Time To Improve Nursing Homes Situation Statewide
Now that we are getting a better handle on the number of COVID-19 deaths in New York’s nursing homes, it’s time to use that information to make the situation better.
The state’s undercount of nursing home deaths is far from the only important part of Attorney General Letitia James’ report on nursing homes’ responses to COVID-19.
James’ investigation showed nursing homes’ lack of compliance with infection control protocols put residents at increased risk of harm; facilities that had lower pre-pandemic staffing ratings had higher COVID-19 fatality rates; insufficient personal protective equipment for nursing home staff put residents at increased risk of harm; the current state reimbursement model for nursing homes gives a financial incentive to owners of for-profit nursing homes to transfer money to related parties instead of investing in higher levels of staffing and PPE; lack of nursing home compliance with the executive order requiring communication with family members caused avoidable pain and distress; and government guidance requiring the admission of COVID-19 patients into nursing homes may have put residents at increased risk of harm in some facilities and may have obscured the data available to assess that risk.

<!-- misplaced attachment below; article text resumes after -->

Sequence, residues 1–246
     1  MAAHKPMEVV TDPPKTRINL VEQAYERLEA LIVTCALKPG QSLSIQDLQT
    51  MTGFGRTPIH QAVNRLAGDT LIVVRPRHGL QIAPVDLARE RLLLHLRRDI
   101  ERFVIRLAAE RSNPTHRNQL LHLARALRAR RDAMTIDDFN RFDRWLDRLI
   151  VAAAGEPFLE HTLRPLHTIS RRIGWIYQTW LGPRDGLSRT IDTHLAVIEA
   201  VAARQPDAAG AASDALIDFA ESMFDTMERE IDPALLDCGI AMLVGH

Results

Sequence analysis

Many of the deaths — including those in Chautauqua County — came long after the much-maligned decision by the state to admit COVID-19 patients into nursing homes was changed. But the other issues James found did not. If Republicans are serious about helping people, they will broaden their focus from simply bashing Gov. Andrew Cuomo and Dr. Howard Zucker, state health commissioner, and use the power of the federal and state governments to improve the quality of care provided in our nursing homes.